NYC’s What the Fest!?, a relative newcomer to the list of film festivals in the area, goes into its second inning March 20-24 at the IFC Center (323 Sixth Avenue). The event has firmly established itself as the city’s go-to madcap movie party with its eclectic international genre programming, entertaining pre-shows, intoxicating after-parties, and exciting guests.
Dread Central got the scoop on what to expect from What the Fest!?’s Volume 2 Creative Director Maria Reinup.
Dread Central: What did you want to do differently with your second edition?
Maria Reinup: With the second edition of What the Fest!?, I wanted to secure the concept, keep steady at that course and actually very specifically not do a lot differently. We have such an amazing team that there was not much to learn from what we could do better when it comes to the actual production of the festival. If anything, we are a day longer for even more on-and off-screen madness! But when it comes to the heart of What the Fest!?, working as a Festival Director for [Estonia’s] Haapsalu Horror and Fantasy Film Festival for seven years, showed me how much time has to be given for ideas to implement and for the audience to trust you. I value that experience a lot. When we started last year, I was thrilled to work out a festival concept that tries to give a unique launch to every film we play in New York and celebrate cinema as an experience. I also felt that we should do something special for the audience and filmmakers to feel that What the Fest!? is a home to come to for the likeminded seeking thrills and food for thought. But to gain trust, you need a steady course to prove it.
DC: While programming the fest and watching countless movies, did you notice any new trends that filmmakers were exploring?
MR: One thing really stood out and that is how much more sci-fi there is. I remember years back we were looking for sci-fi movies in tears—anything would work, just to showcase the genre. The last two years especially have brought a lot of big and small pictures to the “table” (getting to play them is unfortunately another matter). It is easier to make movies in general due to the developing technology, the effects easier to make and filmmakers dare to explore more in this genre.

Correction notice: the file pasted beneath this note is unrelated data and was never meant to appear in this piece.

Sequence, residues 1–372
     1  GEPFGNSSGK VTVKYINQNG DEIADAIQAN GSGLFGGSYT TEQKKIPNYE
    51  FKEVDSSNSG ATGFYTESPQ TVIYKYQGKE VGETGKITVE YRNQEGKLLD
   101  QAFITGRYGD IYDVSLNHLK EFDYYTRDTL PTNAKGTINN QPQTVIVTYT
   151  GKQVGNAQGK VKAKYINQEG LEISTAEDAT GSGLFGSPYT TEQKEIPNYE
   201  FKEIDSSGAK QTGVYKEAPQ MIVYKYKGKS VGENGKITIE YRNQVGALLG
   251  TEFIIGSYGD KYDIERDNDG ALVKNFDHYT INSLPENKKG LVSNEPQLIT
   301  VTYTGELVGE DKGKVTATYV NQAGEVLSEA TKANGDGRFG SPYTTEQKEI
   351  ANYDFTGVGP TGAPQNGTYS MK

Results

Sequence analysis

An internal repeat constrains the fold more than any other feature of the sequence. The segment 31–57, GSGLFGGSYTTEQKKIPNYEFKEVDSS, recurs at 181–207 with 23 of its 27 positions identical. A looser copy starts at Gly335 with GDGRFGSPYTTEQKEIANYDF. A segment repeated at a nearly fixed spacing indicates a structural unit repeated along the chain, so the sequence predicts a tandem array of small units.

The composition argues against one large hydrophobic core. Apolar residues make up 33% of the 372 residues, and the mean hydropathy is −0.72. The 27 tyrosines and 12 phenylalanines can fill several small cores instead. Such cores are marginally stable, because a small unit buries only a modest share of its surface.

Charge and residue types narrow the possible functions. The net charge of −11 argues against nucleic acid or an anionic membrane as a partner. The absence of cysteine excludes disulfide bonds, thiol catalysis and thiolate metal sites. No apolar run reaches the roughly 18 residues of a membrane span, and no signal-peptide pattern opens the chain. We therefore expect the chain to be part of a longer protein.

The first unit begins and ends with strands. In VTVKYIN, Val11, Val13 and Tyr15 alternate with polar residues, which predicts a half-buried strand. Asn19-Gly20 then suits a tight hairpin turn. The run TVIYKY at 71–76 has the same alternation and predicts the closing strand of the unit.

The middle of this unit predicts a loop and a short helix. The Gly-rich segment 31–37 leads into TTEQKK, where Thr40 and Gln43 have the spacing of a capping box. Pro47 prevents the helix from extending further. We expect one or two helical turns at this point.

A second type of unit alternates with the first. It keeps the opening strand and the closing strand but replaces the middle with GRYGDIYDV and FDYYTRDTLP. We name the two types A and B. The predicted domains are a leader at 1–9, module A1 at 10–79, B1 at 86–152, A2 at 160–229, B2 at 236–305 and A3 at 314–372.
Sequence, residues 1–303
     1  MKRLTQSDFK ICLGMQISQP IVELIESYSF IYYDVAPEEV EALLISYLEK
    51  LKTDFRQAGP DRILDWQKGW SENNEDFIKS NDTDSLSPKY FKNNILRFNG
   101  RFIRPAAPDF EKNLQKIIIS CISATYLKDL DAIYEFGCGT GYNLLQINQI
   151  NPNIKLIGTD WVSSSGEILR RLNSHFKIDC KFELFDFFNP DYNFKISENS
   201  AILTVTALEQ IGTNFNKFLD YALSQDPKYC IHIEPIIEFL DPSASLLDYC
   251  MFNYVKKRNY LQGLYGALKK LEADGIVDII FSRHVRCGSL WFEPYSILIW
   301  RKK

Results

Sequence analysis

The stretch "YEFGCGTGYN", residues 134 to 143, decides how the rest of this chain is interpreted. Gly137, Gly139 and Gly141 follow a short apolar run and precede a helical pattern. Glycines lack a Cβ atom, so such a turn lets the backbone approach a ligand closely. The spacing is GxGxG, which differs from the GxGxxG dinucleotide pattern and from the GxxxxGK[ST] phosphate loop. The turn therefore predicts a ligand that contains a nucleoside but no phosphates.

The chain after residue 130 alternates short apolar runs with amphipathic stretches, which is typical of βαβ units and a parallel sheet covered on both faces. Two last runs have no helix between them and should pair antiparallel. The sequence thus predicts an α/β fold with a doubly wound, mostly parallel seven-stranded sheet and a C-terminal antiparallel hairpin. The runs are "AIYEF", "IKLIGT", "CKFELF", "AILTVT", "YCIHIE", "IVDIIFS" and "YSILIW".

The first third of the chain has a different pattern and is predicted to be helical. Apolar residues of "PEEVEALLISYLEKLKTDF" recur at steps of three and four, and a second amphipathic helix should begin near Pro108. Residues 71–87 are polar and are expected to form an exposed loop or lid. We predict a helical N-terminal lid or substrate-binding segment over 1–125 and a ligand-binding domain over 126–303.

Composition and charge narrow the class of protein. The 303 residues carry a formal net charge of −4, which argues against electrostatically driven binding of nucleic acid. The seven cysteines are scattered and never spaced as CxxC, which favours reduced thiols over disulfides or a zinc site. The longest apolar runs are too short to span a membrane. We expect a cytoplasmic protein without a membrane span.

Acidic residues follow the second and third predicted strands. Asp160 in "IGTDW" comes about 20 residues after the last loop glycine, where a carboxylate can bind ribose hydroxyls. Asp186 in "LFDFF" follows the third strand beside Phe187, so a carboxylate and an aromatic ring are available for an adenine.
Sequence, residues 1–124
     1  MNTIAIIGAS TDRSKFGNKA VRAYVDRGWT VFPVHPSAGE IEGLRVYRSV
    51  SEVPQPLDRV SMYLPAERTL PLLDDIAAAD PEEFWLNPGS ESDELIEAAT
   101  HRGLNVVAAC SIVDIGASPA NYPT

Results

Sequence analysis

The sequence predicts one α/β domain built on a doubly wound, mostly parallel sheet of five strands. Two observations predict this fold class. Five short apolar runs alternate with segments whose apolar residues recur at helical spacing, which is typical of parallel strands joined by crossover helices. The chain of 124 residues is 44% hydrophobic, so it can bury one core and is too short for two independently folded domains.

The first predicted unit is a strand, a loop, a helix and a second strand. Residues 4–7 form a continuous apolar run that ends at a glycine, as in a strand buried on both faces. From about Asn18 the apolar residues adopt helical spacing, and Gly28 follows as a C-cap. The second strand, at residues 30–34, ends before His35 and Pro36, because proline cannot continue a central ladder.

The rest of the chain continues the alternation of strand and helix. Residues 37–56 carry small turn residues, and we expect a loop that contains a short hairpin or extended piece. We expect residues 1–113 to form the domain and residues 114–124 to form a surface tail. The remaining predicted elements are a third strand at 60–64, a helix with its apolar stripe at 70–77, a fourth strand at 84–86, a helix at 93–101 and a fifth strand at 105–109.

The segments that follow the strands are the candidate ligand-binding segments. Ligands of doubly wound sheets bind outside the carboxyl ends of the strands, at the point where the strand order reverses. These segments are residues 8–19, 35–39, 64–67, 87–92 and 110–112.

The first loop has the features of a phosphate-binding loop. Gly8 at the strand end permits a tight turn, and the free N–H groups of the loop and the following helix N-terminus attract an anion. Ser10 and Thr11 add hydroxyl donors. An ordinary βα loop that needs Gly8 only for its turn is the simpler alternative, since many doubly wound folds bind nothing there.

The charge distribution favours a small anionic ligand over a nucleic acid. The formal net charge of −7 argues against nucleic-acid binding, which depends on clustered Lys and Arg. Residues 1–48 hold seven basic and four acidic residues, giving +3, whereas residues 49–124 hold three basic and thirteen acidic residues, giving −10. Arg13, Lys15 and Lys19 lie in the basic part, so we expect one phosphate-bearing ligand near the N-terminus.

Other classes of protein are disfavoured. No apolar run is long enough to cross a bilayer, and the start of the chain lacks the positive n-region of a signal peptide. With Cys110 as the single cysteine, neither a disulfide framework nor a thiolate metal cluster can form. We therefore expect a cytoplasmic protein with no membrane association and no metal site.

Also, I really love that folklore-driven horror is starting to stand out. Going back to the roots and finding what is horrifying in the land, tales, people in where you or your ancestors came from, is the well of good scares.
DC: How did the “Satan is My Friend” sidebar come together?
MR: I saw Penny Lane’s Sundance favorite Hail Satan? and was mind-blown. I definitely fall into the category of people who do not know much about Satan and Satanism. Coming from one of the most unreligious countries in the world, my picture of Satanism was as plain as “something to do with devil worshipping” and influenced by the stereotypical understanding of what could be driven from the Satanic Panic in the ’80s. So, when I found myself screaming “Hail Satan” completely transfixed after the film, believing I am a Satanist, I set out to make things right. About the same time, my programming partner Matthew Kiernan had started to look into collaborating with [author]Grady Hendrix. I looked for more Satan and realized for giving a small picture about the contemporary Satanism, we need to start with the Church of Satan (subject of the 1970 documentary Satanis: The Devil’s Mass, playing at WTF!?). It all came together as a small “focus” that starts in the ’70s with Anton Szandor LaVey founding the Church of Satan, then Hendrix touches base with the Satanic Panic in the ’80s and then we come to recent years with the mission of The Satanic Temple (which is not tied to the Church of Satan). I really hope people get to see and hear these acts. Just for the idea of what it does to your mind when you realize that you have thought one thing about something and then it turns out to be completely other. Does it not make you keen on knowing more about everything? The films and the talk also have a really fun side to them.